Algae are a huge part of chlorine demand in outdoor pools. Algae not only consume chlorine, they also consume carbon dioxide, which raises the pool’s pH, causing increased acid demand too.
Germs and parasites are far more of a concern for the health and safety of a swimming pool, but fortunately, there are very few of them in the water, relatively speaking. Most germs and viruses are killed very quickly by chlorine (again, provided the pool is not over stabilized with too much CYA). Parasites like Cryptosporidium, however, are notoriously hard to kill, even with very high levels of chlorine. The contact time (CT) required to kill parasites is almost not even comparable to simple germs and other bacteria. We could go on and on about recreational water illnesses (RWIs), but the CDC has already published the best RWI-prevention practices, and we are focusing on the consumption of chlorine for this article.
How to minimize sanitizer demand
To reduce the amount of chlorine consumed on germs, there are basically two ways you can attack the issue. First, and perhaps most obviously, is to optimize chlorine efficiency and strength. One way is to supplement chlorine with a secondary disinfection system like UV, Ozone or AOP. This will take some of the burden off chlorine by killing just about anything that passes through the pump room. But therein lies the weakness of secondary systems: they are point-of-contact only. They do not offer a residual that can circulate throughout the pool itself–a fact that reinforces the need for a primary residual sanitizer like chlorine.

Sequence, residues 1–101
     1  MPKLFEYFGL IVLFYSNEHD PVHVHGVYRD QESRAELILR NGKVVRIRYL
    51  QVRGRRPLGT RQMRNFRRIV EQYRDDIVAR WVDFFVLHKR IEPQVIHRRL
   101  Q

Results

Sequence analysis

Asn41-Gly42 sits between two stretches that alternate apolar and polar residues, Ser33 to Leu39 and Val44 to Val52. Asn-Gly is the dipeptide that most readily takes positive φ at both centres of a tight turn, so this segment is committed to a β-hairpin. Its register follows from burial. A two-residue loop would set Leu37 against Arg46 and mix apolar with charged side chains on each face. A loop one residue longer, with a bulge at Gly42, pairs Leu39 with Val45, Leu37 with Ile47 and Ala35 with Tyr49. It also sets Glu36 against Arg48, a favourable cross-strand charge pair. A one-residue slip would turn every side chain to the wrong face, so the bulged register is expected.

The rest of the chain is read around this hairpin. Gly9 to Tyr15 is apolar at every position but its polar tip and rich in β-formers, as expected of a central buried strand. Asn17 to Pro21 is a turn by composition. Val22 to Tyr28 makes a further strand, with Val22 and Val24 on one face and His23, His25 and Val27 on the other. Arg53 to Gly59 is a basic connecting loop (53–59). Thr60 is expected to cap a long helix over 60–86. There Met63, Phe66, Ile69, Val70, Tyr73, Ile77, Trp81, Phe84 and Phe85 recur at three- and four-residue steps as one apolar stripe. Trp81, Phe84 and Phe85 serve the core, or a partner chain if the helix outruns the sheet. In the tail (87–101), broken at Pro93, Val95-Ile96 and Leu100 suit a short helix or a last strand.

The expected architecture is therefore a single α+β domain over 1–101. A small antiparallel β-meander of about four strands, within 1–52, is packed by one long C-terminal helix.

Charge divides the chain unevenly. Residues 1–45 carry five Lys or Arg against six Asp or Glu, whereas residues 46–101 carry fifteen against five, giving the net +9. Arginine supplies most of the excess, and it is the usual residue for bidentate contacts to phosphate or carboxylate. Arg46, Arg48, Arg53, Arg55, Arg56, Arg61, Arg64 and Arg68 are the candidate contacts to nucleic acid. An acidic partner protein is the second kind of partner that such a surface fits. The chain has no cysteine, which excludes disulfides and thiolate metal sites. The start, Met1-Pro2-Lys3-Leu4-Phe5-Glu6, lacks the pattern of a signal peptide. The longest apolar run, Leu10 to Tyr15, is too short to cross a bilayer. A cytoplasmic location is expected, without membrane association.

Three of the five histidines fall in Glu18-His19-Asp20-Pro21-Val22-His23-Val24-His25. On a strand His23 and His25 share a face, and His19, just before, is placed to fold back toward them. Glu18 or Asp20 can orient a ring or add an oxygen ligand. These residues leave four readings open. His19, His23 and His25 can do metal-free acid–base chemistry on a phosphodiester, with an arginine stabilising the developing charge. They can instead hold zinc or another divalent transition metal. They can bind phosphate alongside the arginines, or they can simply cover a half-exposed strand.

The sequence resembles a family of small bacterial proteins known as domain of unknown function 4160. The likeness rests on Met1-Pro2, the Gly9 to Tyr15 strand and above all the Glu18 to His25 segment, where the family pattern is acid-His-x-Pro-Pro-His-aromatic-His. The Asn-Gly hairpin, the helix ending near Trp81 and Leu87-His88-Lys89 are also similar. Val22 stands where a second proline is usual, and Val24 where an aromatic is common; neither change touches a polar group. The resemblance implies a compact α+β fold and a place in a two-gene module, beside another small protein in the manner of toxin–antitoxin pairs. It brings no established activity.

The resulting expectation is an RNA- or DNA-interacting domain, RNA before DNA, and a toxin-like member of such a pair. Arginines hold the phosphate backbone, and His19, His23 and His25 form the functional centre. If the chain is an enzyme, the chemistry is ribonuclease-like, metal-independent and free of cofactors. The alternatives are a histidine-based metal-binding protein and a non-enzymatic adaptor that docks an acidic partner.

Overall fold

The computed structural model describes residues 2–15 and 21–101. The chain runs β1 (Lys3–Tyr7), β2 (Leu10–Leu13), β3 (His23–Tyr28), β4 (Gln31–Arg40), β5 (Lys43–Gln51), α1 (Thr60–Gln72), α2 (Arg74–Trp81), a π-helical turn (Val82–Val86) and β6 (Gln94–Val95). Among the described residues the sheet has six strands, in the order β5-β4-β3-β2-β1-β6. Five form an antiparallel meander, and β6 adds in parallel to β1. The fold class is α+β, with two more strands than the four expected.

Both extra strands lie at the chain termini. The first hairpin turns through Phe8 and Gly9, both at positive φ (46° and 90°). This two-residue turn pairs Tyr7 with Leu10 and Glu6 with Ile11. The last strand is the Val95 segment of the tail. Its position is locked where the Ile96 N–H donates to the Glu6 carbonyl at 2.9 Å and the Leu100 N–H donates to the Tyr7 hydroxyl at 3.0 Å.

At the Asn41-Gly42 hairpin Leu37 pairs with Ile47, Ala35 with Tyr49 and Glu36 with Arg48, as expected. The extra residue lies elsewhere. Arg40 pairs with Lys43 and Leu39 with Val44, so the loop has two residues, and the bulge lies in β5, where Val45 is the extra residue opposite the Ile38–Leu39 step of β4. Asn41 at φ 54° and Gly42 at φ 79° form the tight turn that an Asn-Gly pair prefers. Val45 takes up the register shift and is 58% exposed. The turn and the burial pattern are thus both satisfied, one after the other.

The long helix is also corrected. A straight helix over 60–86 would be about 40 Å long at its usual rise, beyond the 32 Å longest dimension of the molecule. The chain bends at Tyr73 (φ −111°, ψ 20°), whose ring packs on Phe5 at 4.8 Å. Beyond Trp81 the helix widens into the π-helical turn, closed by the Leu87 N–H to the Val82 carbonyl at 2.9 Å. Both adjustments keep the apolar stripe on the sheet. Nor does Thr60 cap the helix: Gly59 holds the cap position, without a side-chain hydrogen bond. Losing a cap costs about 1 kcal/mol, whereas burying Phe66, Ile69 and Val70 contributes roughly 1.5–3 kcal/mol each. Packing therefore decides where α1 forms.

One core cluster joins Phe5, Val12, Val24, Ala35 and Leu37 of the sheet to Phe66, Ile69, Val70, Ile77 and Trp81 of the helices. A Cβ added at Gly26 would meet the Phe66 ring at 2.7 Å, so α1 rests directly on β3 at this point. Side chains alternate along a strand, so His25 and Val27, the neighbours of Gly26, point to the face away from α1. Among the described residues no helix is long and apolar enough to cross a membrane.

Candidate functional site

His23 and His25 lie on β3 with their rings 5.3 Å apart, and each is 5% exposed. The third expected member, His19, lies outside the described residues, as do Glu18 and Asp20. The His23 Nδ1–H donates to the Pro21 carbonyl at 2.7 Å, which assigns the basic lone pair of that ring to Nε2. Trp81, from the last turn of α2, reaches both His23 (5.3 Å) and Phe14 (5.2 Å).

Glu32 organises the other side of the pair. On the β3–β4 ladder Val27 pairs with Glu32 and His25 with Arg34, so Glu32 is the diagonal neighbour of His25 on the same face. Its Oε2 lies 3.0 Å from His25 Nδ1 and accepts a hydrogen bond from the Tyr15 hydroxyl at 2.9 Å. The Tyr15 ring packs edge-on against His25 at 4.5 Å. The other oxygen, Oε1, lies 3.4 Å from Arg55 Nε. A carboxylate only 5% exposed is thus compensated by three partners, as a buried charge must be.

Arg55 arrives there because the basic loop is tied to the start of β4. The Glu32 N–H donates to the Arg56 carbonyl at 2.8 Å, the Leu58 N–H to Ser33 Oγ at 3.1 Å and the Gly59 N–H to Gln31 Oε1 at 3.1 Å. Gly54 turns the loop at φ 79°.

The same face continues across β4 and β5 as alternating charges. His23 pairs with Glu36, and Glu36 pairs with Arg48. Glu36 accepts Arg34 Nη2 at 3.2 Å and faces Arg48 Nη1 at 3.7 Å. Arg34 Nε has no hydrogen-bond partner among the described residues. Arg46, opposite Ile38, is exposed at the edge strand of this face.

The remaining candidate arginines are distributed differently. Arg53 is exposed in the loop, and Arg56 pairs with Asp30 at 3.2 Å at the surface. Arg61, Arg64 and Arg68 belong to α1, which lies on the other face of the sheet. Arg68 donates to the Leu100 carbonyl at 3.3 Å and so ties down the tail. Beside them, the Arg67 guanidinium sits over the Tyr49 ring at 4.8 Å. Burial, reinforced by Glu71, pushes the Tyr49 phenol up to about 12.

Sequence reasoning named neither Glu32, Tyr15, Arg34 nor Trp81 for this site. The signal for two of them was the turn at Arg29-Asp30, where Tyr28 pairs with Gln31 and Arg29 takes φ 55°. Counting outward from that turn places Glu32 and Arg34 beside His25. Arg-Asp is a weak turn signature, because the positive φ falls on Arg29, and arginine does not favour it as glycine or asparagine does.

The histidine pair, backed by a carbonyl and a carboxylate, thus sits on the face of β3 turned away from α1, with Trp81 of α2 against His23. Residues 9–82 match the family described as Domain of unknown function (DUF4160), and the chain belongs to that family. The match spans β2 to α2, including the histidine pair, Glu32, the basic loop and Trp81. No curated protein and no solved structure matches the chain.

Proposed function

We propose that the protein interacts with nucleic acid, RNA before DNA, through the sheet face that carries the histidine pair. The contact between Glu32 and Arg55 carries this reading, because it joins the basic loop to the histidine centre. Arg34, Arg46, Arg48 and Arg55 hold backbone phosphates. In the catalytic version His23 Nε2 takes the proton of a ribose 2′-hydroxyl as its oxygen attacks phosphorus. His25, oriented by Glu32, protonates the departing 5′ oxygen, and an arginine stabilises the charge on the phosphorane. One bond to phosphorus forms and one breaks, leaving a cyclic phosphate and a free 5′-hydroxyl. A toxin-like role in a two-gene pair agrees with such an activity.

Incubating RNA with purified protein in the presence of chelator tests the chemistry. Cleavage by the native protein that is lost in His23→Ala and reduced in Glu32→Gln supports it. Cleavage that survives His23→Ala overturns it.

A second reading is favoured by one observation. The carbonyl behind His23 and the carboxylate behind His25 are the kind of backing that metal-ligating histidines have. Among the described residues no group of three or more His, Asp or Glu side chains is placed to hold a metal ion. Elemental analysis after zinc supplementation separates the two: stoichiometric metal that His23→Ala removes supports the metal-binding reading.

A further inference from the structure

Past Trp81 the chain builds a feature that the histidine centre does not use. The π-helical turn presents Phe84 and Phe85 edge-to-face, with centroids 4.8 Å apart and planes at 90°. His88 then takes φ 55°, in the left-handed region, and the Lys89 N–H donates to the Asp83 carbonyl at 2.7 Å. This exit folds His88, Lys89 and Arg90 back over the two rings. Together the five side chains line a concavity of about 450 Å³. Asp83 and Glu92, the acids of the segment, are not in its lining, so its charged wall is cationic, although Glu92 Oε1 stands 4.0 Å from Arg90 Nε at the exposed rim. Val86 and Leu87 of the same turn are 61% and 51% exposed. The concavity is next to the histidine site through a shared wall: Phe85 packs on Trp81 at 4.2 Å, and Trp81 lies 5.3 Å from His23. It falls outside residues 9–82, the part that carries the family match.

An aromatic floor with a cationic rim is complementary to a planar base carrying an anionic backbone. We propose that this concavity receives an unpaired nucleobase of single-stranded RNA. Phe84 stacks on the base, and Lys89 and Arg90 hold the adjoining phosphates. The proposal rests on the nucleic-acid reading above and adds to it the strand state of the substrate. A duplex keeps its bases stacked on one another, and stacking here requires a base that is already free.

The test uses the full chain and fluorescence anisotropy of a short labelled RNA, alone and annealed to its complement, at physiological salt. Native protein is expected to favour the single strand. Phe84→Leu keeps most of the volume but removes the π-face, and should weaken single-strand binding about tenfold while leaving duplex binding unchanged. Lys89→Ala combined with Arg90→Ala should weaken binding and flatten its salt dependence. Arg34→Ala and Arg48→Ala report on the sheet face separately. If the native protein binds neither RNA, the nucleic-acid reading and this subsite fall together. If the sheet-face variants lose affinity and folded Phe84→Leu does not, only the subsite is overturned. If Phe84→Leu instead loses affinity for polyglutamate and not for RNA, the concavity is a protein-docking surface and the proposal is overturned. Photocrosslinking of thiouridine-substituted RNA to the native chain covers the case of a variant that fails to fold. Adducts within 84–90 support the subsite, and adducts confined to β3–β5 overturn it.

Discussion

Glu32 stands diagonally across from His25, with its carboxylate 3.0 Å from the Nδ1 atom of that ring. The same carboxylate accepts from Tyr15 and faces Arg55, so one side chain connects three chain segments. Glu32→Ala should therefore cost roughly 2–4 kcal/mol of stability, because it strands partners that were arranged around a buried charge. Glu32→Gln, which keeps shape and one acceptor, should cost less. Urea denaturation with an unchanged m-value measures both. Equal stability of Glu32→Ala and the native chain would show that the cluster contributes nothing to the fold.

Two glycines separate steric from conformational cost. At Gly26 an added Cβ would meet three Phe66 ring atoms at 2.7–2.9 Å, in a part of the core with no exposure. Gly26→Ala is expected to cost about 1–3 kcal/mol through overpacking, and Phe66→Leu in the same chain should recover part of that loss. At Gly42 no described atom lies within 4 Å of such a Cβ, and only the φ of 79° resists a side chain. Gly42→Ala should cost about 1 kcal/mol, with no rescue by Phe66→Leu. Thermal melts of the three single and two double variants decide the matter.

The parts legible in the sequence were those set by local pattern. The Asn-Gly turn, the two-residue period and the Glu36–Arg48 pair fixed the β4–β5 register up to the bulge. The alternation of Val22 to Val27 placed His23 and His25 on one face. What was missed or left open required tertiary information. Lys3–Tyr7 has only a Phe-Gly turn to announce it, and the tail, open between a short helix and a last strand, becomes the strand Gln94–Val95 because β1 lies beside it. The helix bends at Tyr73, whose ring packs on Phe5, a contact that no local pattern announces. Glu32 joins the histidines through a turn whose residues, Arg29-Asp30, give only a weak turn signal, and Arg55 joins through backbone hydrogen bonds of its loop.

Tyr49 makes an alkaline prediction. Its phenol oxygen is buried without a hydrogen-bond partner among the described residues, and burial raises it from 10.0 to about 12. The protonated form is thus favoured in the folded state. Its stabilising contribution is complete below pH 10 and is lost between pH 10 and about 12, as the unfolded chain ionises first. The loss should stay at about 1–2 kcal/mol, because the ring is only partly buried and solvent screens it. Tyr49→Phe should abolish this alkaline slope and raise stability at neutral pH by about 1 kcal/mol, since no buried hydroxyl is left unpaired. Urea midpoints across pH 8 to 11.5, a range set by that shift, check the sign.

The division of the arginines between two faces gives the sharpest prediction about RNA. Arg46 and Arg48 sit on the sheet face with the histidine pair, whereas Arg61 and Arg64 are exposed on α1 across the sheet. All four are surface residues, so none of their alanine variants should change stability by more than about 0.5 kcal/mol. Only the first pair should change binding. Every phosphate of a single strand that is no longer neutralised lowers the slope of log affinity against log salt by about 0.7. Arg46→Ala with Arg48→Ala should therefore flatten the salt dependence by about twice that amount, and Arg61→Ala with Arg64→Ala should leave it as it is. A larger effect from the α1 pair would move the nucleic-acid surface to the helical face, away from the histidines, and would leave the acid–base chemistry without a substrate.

Not all secondary disinfection systems are ideal for any pool. UV, for instance, is not ideal for an outdoor pool because of a particular organic waste that is common in the water: sunscreen. Sunscreen blocks UV light, and therefore limits the efficacy of UV on outdoor pools. They still help, but they are not nearly as beneficial as something like Ozone or AOP. Indoor pools, however, can benefit greatly from UV, though UV itself will gradually break down chlorine just like direct sunlight would.
Another option to supplement chlorine is with enzymes, though enzymes are not sanitizers. Enzymes handle the non-living organic oxidant demand–which happens to be the single-biggest category of contaminants in a pool–so there is more free chlorine available to kill germs. More on enzymes in a moment.
Optimizing chlorine isn’t just about strengthening it, it’s also about minimizing things that hold it back. Namely, cyanuric acid. CYA is beneficial for sunlight protection, but too much CYA dramatically weakens chlorine (%HOCl) and slows it down. Slow, weak chlorine means higher contact times (CT) when killing living pathogens.
The second way to minimize sanitizer demand is to limit the growth and reproduction rate of algae. At any given time, an outdoor pool will be faced with algae spores trying to produce a colony. There is almost certainly more algae than there are germs, so we want to slow their growth and reproduction rates so chlorine can stay ahead. This can be accomplished by using Concentrated Phosphate Remover (CPR) as a proactive measure.